My Review:The Goodyear Wrangler All-Terrain Adventure with Kevlar, in my opinion, is the perfect tire for construction workers or anyone that routinely travels off-road to a work site. The kevlar interior of the tire makes it the most puncture-resistant tire on this list making it perfect for job sites where nails or other possible sharp objects are strewn about. The Goodyear Wrangler All-Terrain Adventure with Kevlar is available in heavy load E range and retails for around $230 a tire.

4. BFGoodrich All-Terrain T/A KO2

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Key Specifications:

  • Comes with 15/32″ of tread depth
  • 50,000 Mile Warranty
  • Available in White and Black lettering
  • Three-Peak Mountain Snowflake rated
  • Around $280 a tire

BFGoodrich is no stranger to the spotlight when it comes to the top-ranked tire manufacturers around. They have been in business for 150 years and counting, and with that kind of experience, you can expect nothing less than perfection with the tires this company produces.

The BFGoodrich All-Terrain T/A KO2 has been the king of the all-terrain tire market for many years and for good reason. This tire has repeatedly been featured in and been champion of the world’s longest and toughest off-road desert race, the Baja 1000! Everyone from off-road racers to every day all-terrain enthusiasts have found the BFGoodrich All-Terrain T/A KO2 to be their go-to tire time and time again. In light of recent competition, BFGoodrich has updated the T/A KO2 with a premium 50,000 mile warranty and gone out of their way to make some improvements like a serrated shoulder designed for maximum bite strength when navigating challenging terrain as well as a 20% durability increase to the sidewall for added puncture resistance. The BFGoodrich All-Terrain T/A KO2 is also available in heavy load range E sizes and all sizes dawn the severe winter weather Three-Peak Mountain Snowflake (3PMSF) badge.

My Review: Without a shadow of a doubt the BFGoodrich All-Terrain T/A KO2 has been the most popular all-terrain tire among all my customers since I stepped foot in my shop. It is impossible to argue that this tire is anything less than a monster on and off-road with its’ aggressive appearance and the way it literally chews up any terrain. It has been the Champion tire of the Baja 1000 many times over and if you have opened anyway off-road enthusiast magazine or website chances are this tire is on the front cover. With recent updates adding a mileage warranty and slight tweaks of improvements I predict that the popularity of the BFGoodrich All-Terrain T/A KO2 will not decrease for many years to come. The BFGoodrich All-Terrain T/A KO2 is also one of the only tires on this list that is available in a vast array of both metric and inch variable sizes.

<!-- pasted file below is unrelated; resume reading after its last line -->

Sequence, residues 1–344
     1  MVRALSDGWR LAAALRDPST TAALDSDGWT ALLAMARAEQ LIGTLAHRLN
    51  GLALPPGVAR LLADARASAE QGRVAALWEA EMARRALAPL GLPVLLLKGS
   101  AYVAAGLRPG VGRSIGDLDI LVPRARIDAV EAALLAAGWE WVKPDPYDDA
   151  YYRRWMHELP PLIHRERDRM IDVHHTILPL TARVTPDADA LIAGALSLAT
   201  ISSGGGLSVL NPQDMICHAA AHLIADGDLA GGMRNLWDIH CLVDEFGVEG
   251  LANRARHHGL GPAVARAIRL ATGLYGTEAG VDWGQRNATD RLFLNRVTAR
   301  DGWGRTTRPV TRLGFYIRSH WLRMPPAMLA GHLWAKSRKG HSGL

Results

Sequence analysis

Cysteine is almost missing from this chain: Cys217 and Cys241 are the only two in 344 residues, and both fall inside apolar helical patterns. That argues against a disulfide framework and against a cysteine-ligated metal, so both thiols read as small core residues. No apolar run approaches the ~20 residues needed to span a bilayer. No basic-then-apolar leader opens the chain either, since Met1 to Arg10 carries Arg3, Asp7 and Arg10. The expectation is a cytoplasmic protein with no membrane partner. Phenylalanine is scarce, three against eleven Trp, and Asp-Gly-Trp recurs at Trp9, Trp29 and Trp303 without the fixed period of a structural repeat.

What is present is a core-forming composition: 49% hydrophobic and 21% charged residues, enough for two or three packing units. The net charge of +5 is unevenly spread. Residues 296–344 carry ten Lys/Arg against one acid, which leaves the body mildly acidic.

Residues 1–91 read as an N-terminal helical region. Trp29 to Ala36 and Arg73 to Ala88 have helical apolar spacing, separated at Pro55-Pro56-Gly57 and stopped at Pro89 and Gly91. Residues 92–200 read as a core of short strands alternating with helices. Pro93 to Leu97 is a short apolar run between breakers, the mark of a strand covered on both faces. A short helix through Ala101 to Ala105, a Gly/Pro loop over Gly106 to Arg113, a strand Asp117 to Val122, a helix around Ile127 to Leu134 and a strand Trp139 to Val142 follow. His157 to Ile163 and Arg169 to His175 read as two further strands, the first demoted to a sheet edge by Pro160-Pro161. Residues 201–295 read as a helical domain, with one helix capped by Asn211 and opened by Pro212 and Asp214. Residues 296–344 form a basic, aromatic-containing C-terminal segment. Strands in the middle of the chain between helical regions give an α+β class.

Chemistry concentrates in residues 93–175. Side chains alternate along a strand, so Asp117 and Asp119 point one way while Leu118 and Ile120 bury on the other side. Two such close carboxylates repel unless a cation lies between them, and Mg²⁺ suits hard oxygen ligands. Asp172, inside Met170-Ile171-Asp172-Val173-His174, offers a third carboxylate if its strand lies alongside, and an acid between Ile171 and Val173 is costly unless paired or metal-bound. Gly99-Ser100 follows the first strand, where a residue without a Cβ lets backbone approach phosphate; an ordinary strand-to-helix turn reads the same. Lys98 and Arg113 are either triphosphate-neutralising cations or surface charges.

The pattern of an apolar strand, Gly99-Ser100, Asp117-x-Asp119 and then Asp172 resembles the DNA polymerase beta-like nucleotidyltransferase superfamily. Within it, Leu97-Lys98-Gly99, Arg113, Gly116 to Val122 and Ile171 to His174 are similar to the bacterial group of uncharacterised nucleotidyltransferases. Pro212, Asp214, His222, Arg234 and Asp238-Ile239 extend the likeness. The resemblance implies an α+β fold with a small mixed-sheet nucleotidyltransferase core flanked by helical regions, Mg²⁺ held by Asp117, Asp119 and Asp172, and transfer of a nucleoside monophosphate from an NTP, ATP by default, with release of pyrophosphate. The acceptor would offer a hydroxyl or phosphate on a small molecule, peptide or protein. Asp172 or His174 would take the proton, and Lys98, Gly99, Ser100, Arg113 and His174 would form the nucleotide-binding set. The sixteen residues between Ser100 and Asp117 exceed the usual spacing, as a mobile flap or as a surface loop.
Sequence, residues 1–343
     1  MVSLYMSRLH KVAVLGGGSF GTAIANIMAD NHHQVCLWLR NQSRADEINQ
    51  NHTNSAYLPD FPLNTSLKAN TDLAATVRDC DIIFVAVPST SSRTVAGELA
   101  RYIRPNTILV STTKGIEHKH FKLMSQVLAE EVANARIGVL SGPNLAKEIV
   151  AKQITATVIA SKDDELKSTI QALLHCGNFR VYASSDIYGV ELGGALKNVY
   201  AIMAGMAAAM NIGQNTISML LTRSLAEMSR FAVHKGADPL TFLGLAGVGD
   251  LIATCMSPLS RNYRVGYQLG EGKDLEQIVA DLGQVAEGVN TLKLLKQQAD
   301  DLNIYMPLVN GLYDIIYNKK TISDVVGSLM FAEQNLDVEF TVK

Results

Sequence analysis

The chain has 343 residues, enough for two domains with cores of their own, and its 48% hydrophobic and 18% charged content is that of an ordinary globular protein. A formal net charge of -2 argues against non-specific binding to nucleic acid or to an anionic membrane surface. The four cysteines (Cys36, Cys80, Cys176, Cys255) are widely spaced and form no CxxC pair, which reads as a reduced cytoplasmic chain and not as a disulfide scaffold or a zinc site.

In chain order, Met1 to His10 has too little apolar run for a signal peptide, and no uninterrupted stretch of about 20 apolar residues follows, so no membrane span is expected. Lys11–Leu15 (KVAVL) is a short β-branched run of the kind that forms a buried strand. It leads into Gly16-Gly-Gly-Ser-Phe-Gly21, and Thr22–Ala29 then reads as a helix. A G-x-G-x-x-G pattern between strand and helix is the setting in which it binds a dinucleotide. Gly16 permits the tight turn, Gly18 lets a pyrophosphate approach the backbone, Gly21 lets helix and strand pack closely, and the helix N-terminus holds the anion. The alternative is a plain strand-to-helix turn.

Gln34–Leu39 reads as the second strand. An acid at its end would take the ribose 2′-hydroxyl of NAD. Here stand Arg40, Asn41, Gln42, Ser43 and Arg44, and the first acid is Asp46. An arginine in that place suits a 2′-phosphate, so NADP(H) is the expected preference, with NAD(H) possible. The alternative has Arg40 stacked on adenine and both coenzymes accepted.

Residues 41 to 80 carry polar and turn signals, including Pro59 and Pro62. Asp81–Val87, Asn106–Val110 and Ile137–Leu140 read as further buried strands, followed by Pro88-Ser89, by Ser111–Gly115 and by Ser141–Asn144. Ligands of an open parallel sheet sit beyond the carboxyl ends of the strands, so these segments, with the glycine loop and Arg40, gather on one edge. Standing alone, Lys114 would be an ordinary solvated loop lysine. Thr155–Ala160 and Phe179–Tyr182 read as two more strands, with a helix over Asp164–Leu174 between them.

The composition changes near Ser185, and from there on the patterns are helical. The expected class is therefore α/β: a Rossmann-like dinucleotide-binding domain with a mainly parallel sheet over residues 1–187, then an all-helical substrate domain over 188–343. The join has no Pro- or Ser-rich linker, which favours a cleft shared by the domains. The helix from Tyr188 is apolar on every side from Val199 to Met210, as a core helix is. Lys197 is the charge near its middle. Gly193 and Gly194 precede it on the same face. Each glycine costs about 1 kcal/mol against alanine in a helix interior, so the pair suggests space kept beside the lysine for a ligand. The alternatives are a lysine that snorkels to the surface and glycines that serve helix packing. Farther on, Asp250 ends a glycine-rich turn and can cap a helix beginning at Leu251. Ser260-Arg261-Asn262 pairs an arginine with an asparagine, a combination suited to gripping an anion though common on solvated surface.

5. Pirelli Scorpion All Terrain Plus

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Key Specifications:

  • Comes with 13/32″ of tread depth
  • 50,000 Mile Warranty
  • Treadwear Rating 640
  • Traction Grade A
  • Available in White and Black lettering
  • Three-Peak Mountain Snowflake rated
  • Around $200 a tire

Here we have another exceptionally talented Italian tire manufacturer that must not be forgotten about. Pirelli has been around for nearly 150 years and just like its competitors they should not be mistaken for lesser when it comes to experience in making quality tires.

Moving on we have the Pirelli Scorpion All Terrain Plus which is Pirelli’s most aggressive all-season/ all-terrain tire. The Pirelli Scorpion All Terrain Plus features a bold tread block design and is available for light trucks, SUVs, and crossovers. Pirelli also went out of their way to incorporate a more rugged rubber compound for this tire that is proven to be more cut and chip resistant than the competitors making this tire one of the more durable on the list. The Pirelli Scorpion All Terrain Plus features a very nice 50,000 mile warranty and is three-peak mountain snowflake (3PMSF) rated extreme winter conditions.

My Review: I would say that the Pirelli Scorpion All Terrain Plus is one of the newcomers to the all-terrain tire list but that being said it is worth a second glance. The Pirelli Scorpion All Terrain Plus has an extremely aggressive tread block design with large grooves that make this tire extremely good at crawling over difficult terrains such as loose rocks/slate and large boulders. This year alone I have watched the Pirelli Scorpion All Terrain Plus become more popular amongst customers looking for something different yet capable as an all-terrain tire. The Pirelli Scorpion All Terrain Plus retails for around $200 a tire.